Michael Jackson: ‘Little freak, who made you?’
On Michael Jackson: We don’t talk about how we treat child stars, writes Margo Jefferson
Pop singer Michael Jackson performs at ‘A Night At The Apollo’, at New York City’s landmark Apollo Theater in the Harlem section of Manhattan. Photograph: Reuters/Mike Segar
On Michael Jackson
Michael Jackson: the ultimate Rorschach blot for culture pundits and pop psychologists. From Bowie to Gaga, Prince to Janelle Monáe, writers love a perverse polymorph, and Jackson was a man of many masks.
The youngest boy in a family of nine siblings, he made one of the most rapturous entries in pop history, soaring into frame in the Jackson 5’s I Want You Back. Flash cut, and he’s an afro-haired Fred Astair sliding down the bannister on the back of the magnificent whoop that heralds Don’t Stop ’Til You Get Enough. Swipe again: Thriller casts him as the first black star to cross the MTV colour bar and become a multi-multi-millionaire. Swipe once more and we see the paranoid black blade of Bad and Dangerous, suffering from corrosive career neurosis. And then the long decline, from the first botched plastic surgery op right up to his last great song Scream, and those final, awful Howard Hughes years of court cases, controversy and ruin.
Originally published in the US in 2006, Pulitzer prize-winning critic, academic and memoirist Margo Jefferson’s On Michael Jackson is an insightful and original reading of that trajectory. Less a book than an extended essay, it begins with a riff on the performer-as-carnival geek, identifying the subject’s predecessors not just in the realms of black popular entertainment (Sammy Davis jnr, James Brown, Jackie Wilson, Diana Ross), but Hollywood phantasmagoria (PT Barnum, Walt Disney, JM Barrie, Tom Thumb). “Little freak, who made you?” Jefferson asks in the audacious piece-to-camera that concludes the first chapter. “. . . Genes made you. Disease and illness made you. Religion made you. Show business and science made you. History made you: the norms and needs of your time and place made you. Your family and your psyche made you.”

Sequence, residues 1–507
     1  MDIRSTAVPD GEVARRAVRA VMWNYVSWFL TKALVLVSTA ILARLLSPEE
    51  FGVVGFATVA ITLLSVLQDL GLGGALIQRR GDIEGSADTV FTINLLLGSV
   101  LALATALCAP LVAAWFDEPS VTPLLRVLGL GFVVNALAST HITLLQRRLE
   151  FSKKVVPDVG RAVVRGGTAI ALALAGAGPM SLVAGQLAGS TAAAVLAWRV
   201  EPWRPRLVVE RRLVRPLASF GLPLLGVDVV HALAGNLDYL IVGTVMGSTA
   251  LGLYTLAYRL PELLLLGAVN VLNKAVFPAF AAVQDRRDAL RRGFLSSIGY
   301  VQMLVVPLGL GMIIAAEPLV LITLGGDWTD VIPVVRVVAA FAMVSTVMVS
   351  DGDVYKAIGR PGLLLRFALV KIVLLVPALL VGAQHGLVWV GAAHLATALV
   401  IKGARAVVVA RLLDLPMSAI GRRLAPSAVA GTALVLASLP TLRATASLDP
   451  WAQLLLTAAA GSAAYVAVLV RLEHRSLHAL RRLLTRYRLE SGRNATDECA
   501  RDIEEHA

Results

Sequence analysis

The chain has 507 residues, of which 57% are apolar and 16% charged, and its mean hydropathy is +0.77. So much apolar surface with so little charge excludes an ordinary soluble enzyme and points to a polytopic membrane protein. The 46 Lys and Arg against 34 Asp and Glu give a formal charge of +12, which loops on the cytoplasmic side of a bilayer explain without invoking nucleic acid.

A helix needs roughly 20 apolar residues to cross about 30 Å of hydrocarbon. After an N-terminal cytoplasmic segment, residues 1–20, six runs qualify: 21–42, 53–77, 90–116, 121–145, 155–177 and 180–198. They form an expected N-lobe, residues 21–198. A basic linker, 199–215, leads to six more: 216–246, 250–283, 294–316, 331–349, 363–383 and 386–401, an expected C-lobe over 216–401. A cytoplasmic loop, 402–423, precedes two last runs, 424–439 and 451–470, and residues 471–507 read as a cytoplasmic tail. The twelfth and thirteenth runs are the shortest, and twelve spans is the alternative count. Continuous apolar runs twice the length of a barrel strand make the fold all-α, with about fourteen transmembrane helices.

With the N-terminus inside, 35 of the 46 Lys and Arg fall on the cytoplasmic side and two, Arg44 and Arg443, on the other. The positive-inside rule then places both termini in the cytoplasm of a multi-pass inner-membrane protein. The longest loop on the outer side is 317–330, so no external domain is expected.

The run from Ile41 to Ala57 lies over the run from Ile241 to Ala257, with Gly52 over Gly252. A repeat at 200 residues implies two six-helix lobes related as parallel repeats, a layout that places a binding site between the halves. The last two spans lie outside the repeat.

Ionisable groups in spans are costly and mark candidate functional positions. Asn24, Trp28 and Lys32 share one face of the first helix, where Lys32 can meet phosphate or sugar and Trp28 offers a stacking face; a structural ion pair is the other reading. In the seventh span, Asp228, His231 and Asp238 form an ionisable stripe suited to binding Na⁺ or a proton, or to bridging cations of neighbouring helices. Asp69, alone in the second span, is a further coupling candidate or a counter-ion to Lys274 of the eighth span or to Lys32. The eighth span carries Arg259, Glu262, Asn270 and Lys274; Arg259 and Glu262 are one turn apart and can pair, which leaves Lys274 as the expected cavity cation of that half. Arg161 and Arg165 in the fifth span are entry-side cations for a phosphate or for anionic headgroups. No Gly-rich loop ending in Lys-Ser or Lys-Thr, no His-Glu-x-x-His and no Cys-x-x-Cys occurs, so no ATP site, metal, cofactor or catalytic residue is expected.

Of all pop’s lost boys, the author suggests, Michael Jackson had much in common with Brian Wilson, a fellow child genius brutalised by his father and forced to carry his family’s dynasty on his puny shoulders. “The two shared not just a love for studio effects but a gift for luminous self-pity,” she observes. “And I’m not being snarky. Self-pity was part of their performance arsenal, as braggadocio and preening are part of Mick Jagger’s.”
Jefferson knows her pop-art. There’s a short but shrewd precis of Motown’s standards and practices (“music’s version of great genre fiction”), and she’s equally at ease deconstructing Jackson’s dance moves, fashion sense and vocal style. But she’s also sharp on psycho-sociology. Addressing the allegations of paedophilia that plagued Jackson’s later years, she turns the spotlight on the entertainment industry itself, and we, the carnivorous crowd, as complicit witnesses:
“We talk about how we think, believe, suspect Michael Jackson treats children. We don’t talk about how we treat child stars. Child stars are abused by the culture. And what’s more treacherous than when the rewards of the child’s stardom issue from the abuse? Child stars are performers above all else. Whatever their triumphs, they are going to make sure we see every one of their scars. That’s the final price of admission.”
So, if all child stars, from Jackie Coogan to Shirley Temple, are at once spoiled and neglected, Michael Jackson was no exception. Pre-sexualised and pimped out for the stage, exposed to elder brothers rutting in hotel rooms and burlesque bump-and-grinders with hearts of gold or otherwise, his childhood was thieved early on.
“The 1970s were an interesting decade for child performers,” Jefferson observes. “The culture was clearly obsessed – let’s say conflicted – about children. Hardly surprising. Feminists and gays were upending the standardised vision of Man, Woman and Family. Children could hardly be left out. Little-girl movie stars made tattered childhoods attractively perverse. We got the manipulative pseudoadult without a mother (Tatum O’Neal in Paper Moon). The exquisitely decadent child prostitute without a mother (Brooke Shields in Pretty Baby). We got the jaded child with absent parents (Jodie Foster in Alice Doesn’t Live Here Anymore) and the cynical child who serviced johns (Jodie Foster in Taxi Driver). This may seem distant from The Jackson Five, but it is not distant from Michael. He was as much an object of sexual fantasies as any of these girls.”
Jackson’s fall from grace is an allegory for the inherently corrupt nature of the American dream
Ultimately, Michael Jackson’s story (HIStory) takes the form of a sort of postmodern American gothic. “When Michael and his sister La Toya are photographed side by side,” Jefferson writes, “it’s as if ghostly twins have just floated out of a gothic mansion. They could be Roderick and Madeline, the tormented siblings in Edgar Allan Poe’s The Fall of the House of Usher.”
And, much more than just another messiah-martyr tale, Jackson’s fall from grace is an allegory for the inherently corrupt nature of the American dream, a fallacy that begins with the father’s bootstrap ambition and ends in Neverland Ranch isolation. The reader realises its protagonist was always cursed to become a recluse, hiding in his mansion like Charles Foster Kane; his final descent into self-loathing, body dysmorphia and cosmetic surgery suggests some awful degenerative disease of the psyche, echoing Updike’s definition of celebrity as a mask that eats into the face.
Never mind the prosaic title, On Michael Jackson is a frightening journey into the dark heart of American pop.
Peter Murphy is the author of the novels “John the Revelator” and “Shall We Gather at the River” (Faber). He is currently working on his third book